I understand all the issues people have with media.  I understand how damaging it is to the public faith and to the institutional — and professional — reputation when a media outlet or even multiple outlets in concert get it wrong. I understand the issues around the appearance and presence of bias. I understand how disconcerting it is that mainstream media is a public trust, but mainstream media companies are also corporate entities.  I understand all of that, but I also know that we will cease to be truly free if ever the day comes when the free press is cowed.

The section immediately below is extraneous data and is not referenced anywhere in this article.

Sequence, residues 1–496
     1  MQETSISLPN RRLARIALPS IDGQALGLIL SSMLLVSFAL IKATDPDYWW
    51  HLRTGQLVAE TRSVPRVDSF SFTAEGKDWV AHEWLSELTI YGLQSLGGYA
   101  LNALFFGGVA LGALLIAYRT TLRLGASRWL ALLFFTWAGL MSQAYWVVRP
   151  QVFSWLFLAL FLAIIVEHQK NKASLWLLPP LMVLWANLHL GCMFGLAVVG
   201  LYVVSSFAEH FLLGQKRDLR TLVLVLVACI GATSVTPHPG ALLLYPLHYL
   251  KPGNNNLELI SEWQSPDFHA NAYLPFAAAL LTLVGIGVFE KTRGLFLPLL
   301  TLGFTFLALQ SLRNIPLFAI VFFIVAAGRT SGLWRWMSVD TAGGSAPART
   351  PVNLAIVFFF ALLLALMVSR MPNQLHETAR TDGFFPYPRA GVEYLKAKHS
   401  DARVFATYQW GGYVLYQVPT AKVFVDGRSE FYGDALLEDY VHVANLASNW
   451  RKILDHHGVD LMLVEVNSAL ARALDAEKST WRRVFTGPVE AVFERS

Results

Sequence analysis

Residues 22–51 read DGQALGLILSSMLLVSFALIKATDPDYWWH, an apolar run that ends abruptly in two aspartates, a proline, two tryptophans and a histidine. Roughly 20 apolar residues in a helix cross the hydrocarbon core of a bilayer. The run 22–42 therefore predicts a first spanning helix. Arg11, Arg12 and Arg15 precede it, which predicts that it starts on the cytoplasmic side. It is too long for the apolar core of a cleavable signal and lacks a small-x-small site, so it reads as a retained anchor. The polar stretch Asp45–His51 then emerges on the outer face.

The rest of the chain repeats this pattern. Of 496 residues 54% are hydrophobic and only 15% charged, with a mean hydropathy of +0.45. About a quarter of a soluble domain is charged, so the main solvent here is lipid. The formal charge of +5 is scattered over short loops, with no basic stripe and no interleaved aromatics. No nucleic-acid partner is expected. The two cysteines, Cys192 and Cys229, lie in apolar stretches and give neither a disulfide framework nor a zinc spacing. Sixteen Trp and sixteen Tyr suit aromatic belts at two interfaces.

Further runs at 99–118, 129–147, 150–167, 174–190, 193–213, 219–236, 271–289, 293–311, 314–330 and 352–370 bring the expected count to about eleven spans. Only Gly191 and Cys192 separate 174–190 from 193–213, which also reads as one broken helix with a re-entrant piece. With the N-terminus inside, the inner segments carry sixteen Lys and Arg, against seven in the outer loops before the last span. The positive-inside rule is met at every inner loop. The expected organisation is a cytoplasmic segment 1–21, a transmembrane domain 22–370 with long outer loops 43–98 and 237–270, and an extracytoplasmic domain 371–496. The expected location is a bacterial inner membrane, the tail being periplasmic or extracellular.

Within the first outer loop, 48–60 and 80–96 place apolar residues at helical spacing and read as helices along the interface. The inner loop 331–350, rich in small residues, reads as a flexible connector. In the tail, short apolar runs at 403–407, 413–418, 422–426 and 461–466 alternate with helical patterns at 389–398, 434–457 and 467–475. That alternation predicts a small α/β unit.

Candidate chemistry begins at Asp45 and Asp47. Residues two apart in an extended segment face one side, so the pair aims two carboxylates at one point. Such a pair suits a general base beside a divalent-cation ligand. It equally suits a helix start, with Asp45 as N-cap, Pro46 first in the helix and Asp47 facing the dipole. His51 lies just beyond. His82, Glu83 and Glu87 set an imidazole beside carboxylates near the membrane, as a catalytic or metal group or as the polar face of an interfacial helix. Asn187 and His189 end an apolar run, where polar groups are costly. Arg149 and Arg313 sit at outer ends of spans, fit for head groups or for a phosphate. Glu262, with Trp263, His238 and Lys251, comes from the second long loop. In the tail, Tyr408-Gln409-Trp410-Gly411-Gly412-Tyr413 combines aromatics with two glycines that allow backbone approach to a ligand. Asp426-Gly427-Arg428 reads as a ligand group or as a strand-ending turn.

Well, that day, the one Blow seems to fear, usually comes periodically whenever Democrats are in power and the so-called free press having endorsed them, becomes perhaps not cowed, but rather fully kowtowed and ever laudatory.  Moreover, to “understand,” as Blow says he does, is by no means an effort to address let alone work to solve those festering problems, which inevitably results in a not-so free press.  The enemy of the people is ignorance.  But then ignorance is bliss.  And the press seems to want to keep the people—well, half of the people—blissful with its continuous flow of propaganda.  So, the enemy of the people, well the other half of the people, is the press.  In other words, it’s a wee bit more complicated than the left-wing’s Trump bad/press good press mantra…

Sunday, May 5, 2019

Jennifer Bardi


Notes on the Religion of Humanism—
An Inhumanist Critique of The Humanist